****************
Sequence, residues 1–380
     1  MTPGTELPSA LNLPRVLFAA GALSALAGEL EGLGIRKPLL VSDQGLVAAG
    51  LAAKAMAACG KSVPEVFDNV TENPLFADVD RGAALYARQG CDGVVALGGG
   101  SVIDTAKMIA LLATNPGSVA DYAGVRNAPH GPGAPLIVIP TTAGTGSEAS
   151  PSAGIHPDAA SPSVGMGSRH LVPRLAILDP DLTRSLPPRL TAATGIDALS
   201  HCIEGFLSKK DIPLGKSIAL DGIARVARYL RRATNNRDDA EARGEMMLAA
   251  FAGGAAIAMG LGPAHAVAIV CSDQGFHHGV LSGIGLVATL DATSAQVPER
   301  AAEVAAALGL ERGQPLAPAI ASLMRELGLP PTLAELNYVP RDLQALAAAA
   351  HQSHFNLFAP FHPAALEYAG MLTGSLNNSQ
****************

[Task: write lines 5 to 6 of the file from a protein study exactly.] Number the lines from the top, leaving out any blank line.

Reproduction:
   151  PSAGIHPDAA SPSVGMGSRH LVPRLAILDP DLTRSLPPRL TAATGIDALS
   201  HCIEGFLSKK DIPLGKSIAL DGIARVARYL RRATNNRDDA EARGEMMLAA